Verona officials make cuts at emergency meeting


VERONA — At an emergency town board meeting Tuesday night, Verona officials enacted a list of cost saving measures with the hopes of closing a roughly $250,000 shortfall created by declining sales tax revenue payments from the state and county and other factors resulting from the COVID-19/coronavirus pandemic.

The sales tax shortfall was estimated to be about 15 to 20%, said town supervisor Scott Musacchio.

He said that the town has yet to hear about Consolidated Local Street and Highway Improvement Program (CHIPS) money from the state for road work, and all capital projects in the town are currently on hold with the exception of water projects that would lead to the purchase of water from the City of Rome that began before the pandemic.

The town supervisor added that an application for federal stimulus money geared toward local governments is in the works.

Getting down to the business of outlining what would be cut or decreased in the town budget to close that gap Musacchio said, “This is not anything we’re going to enjoy … I don’t want (the town government) to live off our savings account,” later adding that if circumstances change items on the list could be reinstated.

During the meeting, town officials unanimously approved cost-saving measures that include:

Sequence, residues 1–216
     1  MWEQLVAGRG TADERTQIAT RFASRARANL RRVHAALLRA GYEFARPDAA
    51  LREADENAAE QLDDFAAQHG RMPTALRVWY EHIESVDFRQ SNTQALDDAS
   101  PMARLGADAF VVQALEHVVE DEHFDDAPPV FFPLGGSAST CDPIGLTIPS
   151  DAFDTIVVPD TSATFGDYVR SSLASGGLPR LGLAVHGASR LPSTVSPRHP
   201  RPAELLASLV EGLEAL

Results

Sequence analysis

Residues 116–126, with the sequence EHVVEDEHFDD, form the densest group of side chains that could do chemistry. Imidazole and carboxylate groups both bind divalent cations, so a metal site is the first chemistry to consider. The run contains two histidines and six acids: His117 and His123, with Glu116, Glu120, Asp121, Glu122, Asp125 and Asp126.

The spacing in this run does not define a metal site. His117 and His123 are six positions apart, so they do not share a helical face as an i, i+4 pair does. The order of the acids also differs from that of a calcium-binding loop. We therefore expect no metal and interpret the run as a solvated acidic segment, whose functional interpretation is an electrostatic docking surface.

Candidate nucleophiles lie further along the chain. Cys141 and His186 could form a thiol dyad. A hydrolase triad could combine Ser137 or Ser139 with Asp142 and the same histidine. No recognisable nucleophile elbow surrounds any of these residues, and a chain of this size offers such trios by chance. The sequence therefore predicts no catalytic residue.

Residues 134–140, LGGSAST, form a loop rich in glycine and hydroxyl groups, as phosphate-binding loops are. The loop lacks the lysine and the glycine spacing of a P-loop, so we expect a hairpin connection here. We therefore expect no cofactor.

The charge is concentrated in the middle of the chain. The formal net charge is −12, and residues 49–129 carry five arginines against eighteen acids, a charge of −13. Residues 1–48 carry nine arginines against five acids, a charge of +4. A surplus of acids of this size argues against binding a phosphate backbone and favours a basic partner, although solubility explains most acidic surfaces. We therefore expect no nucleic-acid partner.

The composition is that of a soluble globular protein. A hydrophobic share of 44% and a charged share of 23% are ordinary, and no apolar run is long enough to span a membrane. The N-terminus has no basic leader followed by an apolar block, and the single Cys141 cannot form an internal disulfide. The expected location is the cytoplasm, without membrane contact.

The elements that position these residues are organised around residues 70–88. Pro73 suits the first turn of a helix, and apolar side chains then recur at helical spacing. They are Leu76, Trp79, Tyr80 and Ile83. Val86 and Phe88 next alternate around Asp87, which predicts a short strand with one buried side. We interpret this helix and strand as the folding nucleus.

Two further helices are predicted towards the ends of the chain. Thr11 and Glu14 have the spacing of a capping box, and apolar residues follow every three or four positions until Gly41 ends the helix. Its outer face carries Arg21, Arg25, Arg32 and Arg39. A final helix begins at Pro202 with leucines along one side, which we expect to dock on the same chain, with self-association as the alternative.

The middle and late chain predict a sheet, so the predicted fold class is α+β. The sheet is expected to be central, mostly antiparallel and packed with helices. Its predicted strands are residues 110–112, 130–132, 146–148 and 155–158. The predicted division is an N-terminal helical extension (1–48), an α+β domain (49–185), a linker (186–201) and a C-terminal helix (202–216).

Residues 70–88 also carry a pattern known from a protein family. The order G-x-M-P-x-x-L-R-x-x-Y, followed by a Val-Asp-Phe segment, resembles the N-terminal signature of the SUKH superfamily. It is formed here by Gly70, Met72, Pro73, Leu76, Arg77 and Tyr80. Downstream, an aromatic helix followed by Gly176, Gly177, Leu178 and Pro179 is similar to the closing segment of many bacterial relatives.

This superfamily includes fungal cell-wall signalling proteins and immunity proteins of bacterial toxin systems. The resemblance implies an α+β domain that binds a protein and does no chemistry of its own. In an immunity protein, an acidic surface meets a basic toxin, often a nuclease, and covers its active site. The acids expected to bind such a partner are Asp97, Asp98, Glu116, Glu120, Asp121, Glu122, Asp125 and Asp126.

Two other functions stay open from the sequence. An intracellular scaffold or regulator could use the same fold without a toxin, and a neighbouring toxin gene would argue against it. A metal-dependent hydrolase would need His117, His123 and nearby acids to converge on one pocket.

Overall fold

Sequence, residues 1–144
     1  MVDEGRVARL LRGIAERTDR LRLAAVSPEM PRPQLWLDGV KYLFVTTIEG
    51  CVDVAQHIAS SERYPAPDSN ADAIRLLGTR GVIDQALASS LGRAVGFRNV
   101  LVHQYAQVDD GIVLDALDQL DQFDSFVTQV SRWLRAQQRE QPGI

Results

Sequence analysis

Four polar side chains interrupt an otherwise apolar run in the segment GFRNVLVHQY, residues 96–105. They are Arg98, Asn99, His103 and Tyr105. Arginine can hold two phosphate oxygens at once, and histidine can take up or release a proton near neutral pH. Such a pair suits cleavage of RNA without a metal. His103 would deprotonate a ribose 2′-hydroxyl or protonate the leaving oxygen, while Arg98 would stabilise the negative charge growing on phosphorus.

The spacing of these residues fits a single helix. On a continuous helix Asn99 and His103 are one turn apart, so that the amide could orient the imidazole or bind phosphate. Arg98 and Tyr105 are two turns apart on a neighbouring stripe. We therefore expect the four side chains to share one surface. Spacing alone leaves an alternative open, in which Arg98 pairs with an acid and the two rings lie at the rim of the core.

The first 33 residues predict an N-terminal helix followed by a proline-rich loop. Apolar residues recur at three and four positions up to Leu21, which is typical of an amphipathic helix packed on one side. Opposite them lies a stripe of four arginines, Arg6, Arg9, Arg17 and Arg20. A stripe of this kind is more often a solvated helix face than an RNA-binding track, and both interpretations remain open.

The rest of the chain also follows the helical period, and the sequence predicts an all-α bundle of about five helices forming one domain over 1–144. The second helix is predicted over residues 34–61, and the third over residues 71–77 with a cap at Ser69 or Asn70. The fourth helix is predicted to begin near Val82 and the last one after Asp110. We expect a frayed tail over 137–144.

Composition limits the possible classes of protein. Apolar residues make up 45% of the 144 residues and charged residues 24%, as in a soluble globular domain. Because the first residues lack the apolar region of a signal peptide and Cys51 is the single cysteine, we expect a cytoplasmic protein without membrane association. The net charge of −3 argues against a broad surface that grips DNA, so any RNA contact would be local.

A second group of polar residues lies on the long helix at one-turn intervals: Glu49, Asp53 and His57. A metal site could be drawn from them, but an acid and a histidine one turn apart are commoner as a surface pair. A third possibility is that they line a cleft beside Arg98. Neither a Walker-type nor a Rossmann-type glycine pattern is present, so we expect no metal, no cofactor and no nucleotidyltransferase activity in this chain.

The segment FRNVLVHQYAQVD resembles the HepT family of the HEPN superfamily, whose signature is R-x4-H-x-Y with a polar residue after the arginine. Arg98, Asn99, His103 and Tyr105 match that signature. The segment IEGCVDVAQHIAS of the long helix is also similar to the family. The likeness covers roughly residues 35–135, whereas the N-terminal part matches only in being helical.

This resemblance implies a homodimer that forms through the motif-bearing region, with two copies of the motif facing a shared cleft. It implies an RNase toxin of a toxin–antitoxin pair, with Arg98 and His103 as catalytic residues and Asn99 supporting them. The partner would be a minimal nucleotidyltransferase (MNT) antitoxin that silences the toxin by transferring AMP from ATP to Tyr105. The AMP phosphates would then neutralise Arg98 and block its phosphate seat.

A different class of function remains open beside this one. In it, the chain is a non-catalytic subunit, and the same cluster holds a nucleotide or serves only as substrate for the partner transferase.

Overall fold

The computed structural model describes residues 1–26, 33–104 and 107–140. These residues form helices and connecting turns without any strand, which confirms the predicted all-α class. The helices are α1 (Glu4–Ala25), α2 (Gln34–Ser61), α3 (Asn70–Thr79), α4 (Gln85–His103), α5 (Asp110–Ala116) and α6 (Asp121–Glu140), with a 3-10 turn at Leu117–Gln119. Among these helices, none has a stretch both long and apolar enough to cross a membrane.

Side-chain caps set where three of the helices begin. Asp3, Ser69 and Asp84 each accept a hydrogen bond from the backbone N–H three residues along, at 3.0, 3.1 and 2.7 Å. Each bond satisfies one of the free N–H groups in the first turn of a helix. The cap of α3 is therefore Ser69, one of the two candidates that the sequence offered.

In work and pay reductions, there will be work hour reductions for the offices of supervisor, court, assessor, codes, highway, and water and sewer employees. 

The town board and supervisor are taking 10% pay reductions, and the town clerk is taking a $1,000 pay reduction from the remaining pay periods in 2020.

The deputy town clerk will have their work hours reduced by half and the highway superintendent is taking a 2.5 % pay reduction.

The remaining wages for 2020 for the town historian, $1,120, will be removed after the historian retires in June.

Two court bailiffs and the assessor clerk will be laid off until the situation improves. The town custodian will also be laid off in the same manner, and the highway department will assist with garbage and other duties at town buildings.

In operational cuts, the town is removing $50,000 from a contingency account and removing $6,000 from the summer park program except for $500 for crafts.

Further, $2,000 typically set aside for building landscaping, $2,000 for a rug cleaning service at town buildings, $2,000 for water cooler delivery service and $1,500 for senior bus trips are being dissolved.

The town will also sell a 2018 Chevrolet Equinox, a town business vehicle. It is estimated that the sale will net about $15,000 in revenue.

What’s next? 

The town will reopen for business on Monday, June 1, while adhering to COVID-19 protocols as directed by the state.

Despite being open, town offices will not be open to the public, but by appointment only. Masks and gloves will be worn, and the building will be routinely sanitized using a service from a cleaning company capable of performing the necessary level of sanitation.


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